I may be the person of whom you speak. I still don't believe that the abrasive dust was added to wear the needle rapidly but rather for strength and hardness to stand up to the force of the acoustic sound boxes of the day. The rapid stylus wear was a "side effect". Material science was relatively primitive in the day. Even for the day better approaches could have been had. Edison Diamond discs were played with acoustic soundboxes with diamond styli and the playing surfaces were made of an early polymer with no abrasive material added. While that system had to be more expensive it was quieter.
H. callahan wrote: ↑13 Jul 2019 04:19I assume that he machine+soundbox used for this test was in fully working condition, otherwise the test might have shown a different result.Bob Dillon wrote: ↑12 Jul 2019 23:26Interesting that it appears to show little to no wear. Of course, that is on that particular machine with a new steel needle every play. Might have been interesting to hear the record after the first play on the gramophone, then played on a modern hi-fi turntable. Then hear the 100th play on the gramophone again on a modern turntable for comparison. The results may be more revealing of wear having set in. As one of the commentors in the video noted, alignment is important. Some of those old acoustic phonos made really no provision for proper offset of the reproducer to the record groove wall. The old style Columbia machines with their straight arms are one example of that. The reproducer needs to be in good working order too, with a pliable diaphragm and rubber gaskets, so that the movement of the needle is not restricted, thus reducing unnecessary record wear. Not unlike the suspension on a modern phono cartridge.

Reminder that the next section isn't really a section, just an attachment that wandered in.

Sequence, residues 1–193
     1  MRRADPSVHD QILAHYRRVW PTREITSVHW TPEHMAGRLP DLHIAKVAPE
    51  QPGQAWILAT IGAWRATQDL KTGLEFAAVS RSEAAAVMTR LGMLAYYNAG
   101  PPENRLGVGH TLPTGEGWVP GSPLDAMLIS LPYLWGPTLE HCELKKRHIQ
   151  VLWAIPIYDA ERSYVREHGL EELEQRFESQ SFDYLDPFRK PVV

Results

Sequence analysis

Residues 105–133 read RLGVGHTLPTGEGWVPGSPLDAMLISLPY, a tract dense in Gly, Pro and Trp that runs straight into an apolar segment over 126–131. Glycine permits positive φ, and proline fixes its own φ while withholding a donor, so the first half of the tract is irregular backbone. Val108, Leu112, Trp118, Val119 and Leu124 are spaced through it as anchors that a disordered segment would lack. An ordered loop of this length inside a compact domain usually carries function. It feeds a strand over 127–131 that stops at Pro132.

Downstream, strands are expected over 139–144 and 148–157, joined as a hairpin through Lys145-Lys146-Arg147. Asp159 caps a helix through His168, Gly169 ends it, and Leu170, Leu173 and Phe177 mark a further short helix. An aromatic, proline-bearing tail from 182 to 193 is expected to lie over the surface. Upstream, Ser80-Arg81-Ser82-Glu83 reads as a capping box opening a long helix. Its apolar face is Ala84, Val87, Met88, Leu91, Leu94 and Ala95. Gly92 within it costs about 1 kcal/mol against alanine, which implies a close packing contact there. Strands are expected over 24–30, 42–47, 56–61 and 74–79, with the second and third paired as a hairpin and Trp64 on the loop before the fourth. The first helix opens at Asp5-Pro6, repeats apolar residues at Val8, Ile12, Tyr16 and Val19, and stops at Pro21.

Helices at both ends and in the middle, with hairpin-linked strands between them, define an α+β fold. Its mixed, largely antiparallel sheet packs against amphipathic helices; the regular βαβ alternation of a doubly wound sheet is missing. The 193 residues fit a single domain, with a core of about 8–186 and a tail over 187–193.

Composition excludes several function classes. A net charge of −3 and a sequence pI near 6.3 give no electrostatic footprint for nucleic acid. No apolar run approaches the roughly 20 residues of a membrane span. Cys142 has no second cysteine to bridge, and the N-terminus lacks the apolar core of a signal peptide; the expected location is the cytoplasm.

When comparing the 1st and the 100st play i can hear very small differences, surface noise has increased and there also is distortion on high frequencies - but in the "shellac-world" the record still is in veeery good condition after a hundret plays, almost like new. We´ve had it in another thread where one person did not belive abrasive materials being in the shellac-mix to shift wear onto the needle, but this test does show that the idea of shifting wear from the record onto the needle can work pretty good.
I think one of the reasons why the record held up that well is that the surface of the groove still was undamaged. When playing a record having grey grooves there usually is more shellac-dust on the needle - so it seems that a shellac will wear faster once the groove is damaged.